Reablement approaches are growing rapidly across the Western world, reflecting ideas such as ‘healthy and active ageing’, which have framed reforms in health and social policies since the 1990s. Across world regions, there is today a general agreement that reablement is a person-centred approach, aiming to enhance the functioning and independence of older citizens through interprofessional training and activating them at home, thus reducing their need for long-term care. This chapter investigates how ideas of reablement have travelled and materialised into similar policies, activities, and institutional practices of reablement within and across different world regions.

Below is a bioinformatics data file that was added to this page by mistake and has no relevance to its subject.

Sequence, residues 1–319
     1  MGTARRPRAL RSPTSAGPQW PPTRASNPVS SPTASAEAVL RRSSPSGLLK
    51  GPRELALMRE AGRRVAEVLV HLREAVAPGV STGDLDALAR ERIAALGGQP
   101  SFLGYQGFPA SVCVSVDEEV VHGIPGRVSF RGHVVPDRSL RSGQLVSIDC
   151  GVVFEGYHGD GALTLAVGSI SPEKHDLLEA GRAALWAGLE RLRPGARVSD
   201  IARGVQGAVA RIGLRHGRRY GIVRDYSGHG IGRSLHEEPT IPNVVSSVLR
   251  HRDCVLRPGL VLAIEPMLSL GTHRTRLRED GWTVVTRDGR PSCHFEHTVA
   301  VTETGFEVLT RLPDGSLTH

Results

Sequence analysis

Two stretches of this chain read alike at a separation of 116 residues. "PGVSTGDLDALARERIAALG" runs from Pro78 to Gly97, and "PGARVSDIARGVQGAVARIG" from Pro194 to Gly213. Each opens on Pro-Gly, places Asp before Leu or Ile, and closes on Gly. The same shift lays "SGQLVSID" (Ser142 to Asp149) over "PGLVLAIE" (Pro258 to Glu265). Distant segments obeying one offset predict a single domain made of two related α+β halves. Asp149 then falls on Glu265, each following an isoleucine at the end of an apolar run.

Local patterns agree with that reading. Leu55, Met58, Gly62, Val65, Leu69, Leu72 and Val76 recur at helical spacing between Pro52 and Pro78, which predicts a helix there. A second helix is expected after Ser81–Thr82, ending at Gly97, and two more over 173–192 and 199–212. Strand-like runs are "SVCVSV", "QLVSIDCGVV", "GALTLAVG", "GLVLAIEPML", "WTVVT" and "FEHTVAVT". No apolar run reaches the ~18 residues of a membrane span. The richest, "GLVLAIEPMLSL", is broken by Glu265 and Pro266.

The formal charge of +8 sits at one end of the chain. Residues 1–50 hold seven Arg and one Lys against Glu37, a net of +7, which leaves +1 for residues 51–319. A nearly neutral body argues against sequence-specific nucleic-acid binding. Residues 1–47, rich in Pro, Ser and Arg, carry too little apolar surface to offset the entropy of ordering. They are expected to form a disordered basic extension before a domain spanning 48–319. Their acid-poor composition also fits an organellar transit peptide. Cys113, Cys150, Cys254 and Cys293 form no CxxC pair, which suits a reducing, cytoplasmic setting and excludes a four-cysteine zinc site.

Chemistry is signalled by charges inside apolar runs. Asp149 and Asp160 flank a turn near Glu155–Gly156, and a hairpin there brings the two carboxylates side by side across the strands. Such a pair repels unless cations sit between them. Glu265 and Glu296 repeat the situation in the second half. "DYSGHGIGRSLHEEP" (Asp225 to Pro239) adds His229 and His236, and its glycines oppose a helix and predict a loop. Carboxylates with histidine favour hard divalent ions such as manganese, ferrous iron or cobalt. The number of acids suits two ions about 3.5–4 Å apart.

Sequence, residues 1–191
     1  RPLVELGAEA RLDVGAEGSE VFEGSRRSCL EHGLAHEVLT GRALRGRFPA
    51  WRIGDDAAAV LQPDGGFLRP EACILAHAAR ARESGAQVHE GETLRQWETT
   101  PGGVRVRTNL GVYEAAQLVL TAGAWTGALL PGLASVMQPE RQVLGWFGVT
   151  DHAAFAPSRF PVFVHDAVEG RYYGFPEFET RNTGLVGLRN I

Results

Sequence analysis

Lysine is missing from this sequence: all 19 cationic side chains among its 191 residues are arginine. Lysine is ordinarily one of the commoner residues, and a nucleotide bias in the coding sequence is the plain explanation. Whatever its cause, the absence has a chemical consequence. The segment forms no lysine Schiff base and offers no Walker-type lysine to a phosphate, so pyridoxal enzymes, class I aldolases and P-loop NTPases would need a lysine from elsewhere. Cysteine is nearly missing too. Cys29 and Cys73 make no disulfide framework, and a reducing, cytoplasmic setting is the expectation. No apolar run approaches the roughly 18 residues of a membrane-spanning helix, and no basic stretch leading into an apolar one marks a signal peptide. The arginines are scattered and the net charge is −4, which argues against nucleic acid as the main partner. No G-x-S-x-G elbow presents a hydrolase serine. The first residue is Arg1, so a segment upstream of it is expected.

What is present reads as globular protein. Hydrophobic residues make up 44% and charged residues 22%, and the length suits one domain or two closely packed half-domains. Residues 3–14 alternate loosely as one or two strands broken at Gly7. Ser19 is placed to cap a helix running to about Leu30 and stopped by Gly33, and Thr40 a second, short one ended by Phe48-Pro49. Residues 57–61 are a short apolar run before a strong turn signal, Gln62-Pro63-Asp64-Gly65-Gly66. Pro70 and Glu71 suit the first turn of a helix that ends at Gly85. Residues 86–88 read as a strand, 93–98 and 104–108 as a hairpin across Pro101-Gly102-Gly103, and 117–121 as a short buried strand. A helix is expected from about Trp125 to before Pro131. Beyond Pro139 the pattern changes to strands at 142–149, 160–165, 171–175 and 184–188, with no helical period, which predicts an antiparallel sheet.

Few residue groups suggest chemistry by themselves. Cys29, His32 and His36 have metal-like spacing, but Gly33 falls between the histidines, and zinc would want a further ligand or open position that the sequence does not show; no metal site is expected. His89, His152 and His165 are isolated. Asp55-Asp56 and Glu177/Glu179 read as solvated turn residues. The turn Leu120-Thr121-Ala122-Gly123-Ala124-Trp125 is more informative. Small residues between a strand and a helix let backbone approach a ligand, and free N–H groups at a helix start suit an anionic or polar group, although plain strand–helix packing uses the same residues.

Inspired by theories of ‘rhetorical frames’ and ‘travels of ideas’, we have interviewed eight key informants and studied policy documents and online information resources from governing authorities, representing three world regions. The analysis supports the argument that the travelling of ideas is quite complex and characterised by circularity rather than linearity. It focuses on the sustainability of the long-term care systems and the local and national needs to find efficient and cost-saving approaches. Our findings also indicate that transnational ideas of ‘successful ageing’, ‘active and healthy citizens’ have travelled to local and national practice, but also from local bottom-up initiatives to the agendas of supranational organisations.